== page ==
I understand that people like Kobe Bryant and flashy business leaders are really exciting to watch and they seem very charismatic. But we mistake charisma for performance. I think that makes a big difference in leadership and in just business in general, too. There is pretty clear data that charisma in leadership predicts leaders’ pay, but not their objective performance. That applies in basketball, too, where the most exciting people get paid a lot of money, but they aren’t necessarily on winning teams or making people around them better.
Anything the NBA fan in you will be keeping an eye on — from a leadership perspective — this season?
I’m looking forward to seeing what will happen with the Warriors now that they’ve had some attrition. One of the things I found so impressive about the Warriors beforehand — even though I wasn’t a Warriors fan — was that they made a “super team” work. And I think one of the reasons they made it work is because of the leadership of Steph Curry, who had an ethos of, “OK, we’ve got Kevin Durant in here, we have to share the ball. He needs to be a key part of this group.”
This was a two-time MVP before Durant got there — and he helped Durant win an MVP award. That kind of ability to be able to share the leadership is amazing. I’m looking forward to seeing what he can do now that Durant is gone and Klay Thompson is out. Can they sustain that culture with fewer star players?
There are so many people concerned with their own brand and how they look as individuals that they’re not willing to allow space for other people to also be awesome. They’re not willing to humble themselves in many regards and be a servant for other people.
What’s weird is that we value the pizzazz and charisma and individual branding so much in our culture, but the more effective thing time and time again is humility in leadership.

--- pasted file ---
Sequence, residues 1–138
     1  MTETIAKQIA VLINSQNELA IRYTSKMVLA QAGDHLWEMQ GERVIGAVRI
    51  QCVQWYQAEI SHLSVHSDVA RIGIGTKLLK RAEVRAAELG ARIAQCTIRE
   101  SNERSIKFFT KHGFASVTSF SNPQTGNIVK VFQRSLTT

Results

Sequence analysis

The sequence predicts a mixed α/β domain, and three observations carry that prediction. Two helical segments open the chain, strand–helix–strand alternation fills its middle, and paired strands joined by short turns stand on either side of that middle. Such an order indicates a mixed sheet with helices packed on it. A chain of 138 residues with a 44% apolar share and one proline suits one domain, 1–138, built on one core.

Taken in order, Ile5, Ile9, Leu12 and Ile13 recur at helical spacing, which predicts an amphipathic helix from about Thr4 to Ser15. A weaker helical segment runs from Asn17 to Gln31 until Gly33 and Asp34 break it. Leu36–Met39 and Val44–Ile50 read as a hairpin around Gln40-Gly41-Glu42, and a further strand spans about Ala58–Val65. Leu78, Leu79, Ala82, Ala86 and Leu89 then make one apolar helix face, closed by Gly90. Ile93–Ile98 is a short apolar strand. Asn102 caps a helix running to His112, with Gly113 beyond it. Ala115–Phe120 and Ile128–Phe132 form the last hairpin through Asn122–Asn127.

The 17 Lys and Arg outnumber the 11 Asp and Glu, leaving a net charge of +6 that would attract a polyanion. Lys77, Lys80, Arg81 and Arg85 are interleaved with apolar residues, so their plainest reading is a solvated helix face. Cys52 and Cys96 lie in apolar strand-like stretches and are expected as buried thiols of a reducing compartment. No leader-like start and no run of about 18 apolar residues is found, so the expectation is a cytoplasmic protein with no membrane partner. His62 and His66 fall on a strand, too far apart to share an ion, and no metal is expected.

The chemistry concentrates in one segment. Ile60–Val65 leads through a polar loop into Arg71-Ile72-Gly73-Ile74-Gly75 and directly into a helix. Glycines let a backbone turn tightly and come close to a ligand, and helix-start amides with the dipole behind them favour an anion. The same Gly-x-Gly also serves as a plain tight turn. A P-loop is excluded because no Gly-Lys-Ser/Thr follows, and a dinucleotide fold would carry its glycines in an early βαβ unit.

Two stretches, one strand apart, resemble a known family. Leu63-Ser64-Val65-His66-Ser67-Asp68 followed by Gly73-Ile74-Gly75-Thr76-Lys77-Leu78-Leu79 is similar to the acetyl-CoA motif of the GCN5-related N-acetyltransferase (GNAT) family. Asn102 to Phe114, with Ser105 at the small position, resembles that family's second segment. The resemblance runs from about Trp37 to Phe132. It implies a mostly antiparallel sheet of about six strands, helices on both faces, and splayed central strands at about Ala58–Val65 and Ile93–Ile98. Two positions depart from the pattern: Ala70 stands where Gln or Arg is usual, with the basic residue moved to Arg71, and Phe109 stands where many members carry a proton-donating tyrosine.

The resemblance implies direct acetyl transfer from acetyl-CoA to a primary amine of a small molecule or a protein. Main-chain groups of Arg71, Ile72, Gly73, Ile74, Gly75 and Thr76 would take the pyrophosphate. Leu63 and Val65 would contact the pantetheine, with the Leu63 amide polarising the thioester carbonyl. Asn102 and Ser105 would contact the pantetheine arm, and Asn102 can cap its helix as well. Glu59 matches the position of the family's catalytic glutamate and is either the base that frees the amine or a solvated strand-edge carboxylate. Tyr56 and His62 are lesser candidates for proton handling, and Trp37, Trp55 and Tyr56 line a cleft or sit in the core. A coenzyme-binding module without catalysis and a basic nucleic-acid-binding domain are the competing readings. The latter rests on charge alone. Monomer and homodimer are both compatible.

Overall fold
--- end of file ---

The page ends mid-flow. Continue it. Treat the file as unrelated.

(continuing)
Which is what has worked so well here in Charlottesville for the UVA men’s basketball team, right?
Absolutely, 100 percent. Tony Bennett has done that fantastically. By demonstrating character and knowing that nothing comes above the team. It’s all about the team and not your own glory, which you can see from him declining a pay increase and actually donating money. It’s not just about his own position. It’s about the collective.
And that’s the most powerful leadership lesson we can all take away. Leadership should be about other people instead of us.
This story originally appeared on UVA Today.
The University of Virginia Darden School of Business delivers the world’s best business education experience to prepare entrepreneurial, global and responsible leaders through its MBA, Ph.D., MSBA and Executive Education programs. Darden’s top-ranked faculty is renowned for teaching excellence and advances practical business knowledge through research. Darden was established in 1955 at the University of Virginia, a top public university founded by Thomas Jefferson in 1819 in Charlottesville, Virginia.